Somaliland : Troubled Times Ahead
Somaliland : Troubled Times Ahead
Dr. Mohamed A. Omar
As Dahir Rayaale hangs on to power beyond his presidential term and delays elections, Somaliland sleepwalks into a political crisis. This puts the country’s democratic process and its international standing at risk – the two most crucial goals that are indispensable for Somaliland’s political future.
Although the president’s term of office ends on 15 May, the country’s Upper Chamber, unelected body known to be close to the President, has unilaterally extended his tenure by one year recently, thereby ignoring the election plans agreed by all political parties and the National Election Commission (NEC). It is widely believed that Rayaale was behind this move, in a bid to extend his time in office.
In Somaliland, the move has caused widespread political furore. The opposition parties, the elected Lower Chamber of the Parliament, civil society and members of the public have expressed their objections to this unconstitutional step.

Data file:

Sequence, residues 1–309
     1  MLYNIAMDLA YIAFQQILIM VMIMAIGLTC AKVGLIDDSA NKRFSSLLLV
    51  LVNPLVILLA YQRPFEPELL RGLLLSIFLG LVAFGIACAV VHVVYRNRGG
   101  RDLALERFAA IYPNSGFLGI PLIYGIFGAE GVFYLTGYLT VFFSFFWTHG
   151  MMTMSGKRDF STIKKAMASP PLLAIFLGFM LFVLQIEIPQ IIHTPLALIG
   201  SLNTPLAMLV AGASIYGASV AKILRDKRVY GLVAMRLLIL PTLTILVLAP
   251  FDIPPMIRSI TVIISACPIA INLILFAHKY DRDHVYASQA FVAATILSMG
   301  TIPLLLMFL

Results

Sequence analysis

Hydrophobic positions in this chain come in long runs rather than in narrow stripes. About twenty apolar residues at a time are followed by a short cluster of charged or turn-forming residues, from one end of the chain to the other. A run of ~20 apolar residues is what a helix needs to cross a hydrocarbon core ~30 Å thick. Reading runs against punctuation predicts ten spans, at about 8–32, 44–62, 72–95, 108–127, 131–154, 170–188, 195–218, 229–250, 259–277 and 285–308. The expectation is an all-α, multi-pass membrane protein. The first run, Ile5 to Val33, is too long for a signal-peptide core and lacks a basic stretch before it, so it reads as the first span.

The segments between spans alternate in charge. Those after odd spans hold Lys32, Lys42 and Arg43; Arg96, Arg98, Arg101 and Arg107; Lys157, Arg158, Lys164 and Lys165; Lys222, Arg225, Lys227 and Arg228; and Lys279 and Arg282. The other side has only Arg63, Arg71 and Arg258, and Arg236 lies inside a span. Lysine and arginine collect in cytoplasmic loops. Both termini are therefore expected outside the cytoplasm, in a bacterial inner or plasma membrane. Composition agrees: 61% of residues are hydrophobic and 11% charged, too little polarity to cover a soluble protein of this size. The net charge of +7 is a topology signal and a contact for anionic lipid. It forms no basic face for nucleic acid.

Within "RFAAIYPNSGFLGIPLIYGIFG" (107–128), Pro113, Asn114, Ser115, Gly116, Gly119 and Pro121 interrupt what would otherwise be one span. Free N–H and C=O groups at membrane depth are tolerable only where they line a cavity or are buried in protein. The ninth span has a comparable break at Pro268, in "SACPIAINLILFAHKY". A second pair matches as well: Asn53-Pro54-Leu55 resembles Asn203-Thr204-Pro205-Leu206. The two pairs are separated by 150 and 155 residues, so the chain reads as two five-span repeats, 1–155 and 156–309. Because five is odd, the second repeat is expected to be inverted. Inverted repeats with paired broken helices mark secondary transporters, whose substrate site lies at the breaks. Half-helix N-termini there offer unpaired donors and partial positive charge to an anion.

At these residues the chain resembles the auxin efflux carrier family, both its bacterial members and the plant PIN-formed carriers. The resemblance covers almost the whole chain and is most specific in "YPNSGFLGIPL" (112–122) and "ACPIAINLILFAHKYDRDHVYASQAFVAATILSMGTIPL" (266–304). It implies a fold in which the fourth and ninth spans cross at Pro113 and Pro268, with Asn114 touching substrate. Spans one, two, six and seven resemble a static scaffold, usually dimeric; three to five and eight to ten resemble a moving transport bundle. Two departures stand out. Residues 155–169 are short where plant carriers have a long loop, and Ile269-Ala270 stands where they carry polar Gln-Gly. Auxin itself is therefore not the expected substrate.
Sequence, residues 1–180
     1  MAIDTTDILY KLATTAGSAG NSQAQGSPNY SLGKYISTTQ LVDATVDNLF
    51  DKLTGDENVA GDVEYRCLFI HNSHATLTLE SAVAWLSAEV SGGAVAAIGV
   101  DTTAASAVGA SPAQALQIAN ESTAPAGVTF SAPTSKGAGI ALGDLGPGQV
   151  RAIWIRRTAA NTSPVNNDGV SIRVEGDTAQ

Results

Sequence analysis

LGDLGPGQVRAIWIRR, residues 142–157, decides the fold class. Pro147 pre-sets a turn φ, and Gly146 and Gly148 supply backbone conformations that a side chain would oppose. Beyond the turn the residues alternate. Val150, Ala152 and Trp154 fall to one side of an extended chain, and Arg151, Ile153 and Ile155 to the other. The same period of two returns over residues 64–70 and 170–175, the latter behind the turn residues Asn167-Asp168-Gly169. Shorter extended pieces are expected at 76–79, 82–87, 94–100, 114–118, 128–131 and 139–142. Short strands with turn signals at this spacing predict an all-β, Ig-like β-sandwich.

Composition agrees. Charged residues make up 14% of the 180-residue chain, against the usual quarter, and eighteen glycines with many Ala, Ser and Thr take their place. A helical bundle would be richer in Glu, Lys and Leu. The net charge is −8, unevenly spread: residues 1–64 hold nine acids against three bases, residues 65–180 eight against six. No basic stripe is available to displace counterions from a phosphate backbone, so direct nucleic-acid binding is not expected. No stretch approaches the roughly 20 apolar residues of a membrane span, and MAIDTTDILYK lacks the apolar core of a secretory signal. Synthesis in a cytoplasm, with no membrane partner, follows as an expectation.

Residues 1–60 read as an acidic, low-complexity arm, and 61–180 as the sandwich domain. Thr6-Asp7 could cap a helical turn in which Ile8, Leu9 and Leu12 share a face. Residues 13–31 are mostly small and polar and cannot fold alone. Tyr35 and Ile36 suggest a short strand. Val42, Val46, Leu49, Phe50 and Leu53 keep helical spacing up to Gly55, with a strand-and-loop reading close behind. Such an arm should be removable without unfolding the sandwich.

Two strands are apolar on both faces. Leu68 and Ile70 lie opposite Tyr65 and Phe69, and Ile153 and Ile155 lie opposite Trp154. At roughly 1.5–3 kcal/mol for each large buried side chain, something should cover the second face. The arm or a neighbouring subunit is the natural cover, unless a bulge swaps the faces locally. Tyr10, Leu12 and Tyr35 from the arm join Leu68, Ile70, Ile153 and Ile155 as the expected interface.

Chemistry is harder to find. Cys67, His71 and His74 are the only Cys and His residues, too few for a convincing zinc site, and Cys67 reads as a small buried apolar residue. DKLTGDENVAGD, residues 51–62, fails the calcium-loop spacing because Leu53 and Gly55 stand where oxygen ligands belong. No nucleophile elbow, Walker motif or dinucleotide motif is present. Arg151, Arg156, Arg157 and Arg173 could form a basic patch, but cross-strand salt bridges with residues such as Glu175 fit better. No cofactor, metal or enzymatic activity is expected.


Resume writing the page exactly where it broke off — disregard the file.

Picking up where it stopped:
From the international community, the reaction was loud and clear too.The European Union, a key partner in Somaliland’s democratisation programme, articulated their concerns on the decision and called on all political groups in Somaliland to stick with the original election plans agreed by all stakeholders.
The government’s initial response to the public challenge was militaristic. The capital city of Hargeisa was put on curfew and armed military men are now patrolling the main streets. On 26 April, Hana Hassan Jama, was shot dead in Hargeisa by patrolling soldiers, and became the first victim of Rayaale’s stop-and–search orders. She was an innocent young girl who poses no threat to the national security.
To the outside world, the government’s reaction was equally shocking.In an astonishing statement, the Foreign Minister, Mr. Abdillaahi Du’ale, accused the European Union of interfering in Somaliland’s affairs, and told the EU that his government does not need their financial and technical support to Somaliland’s democratisation programme.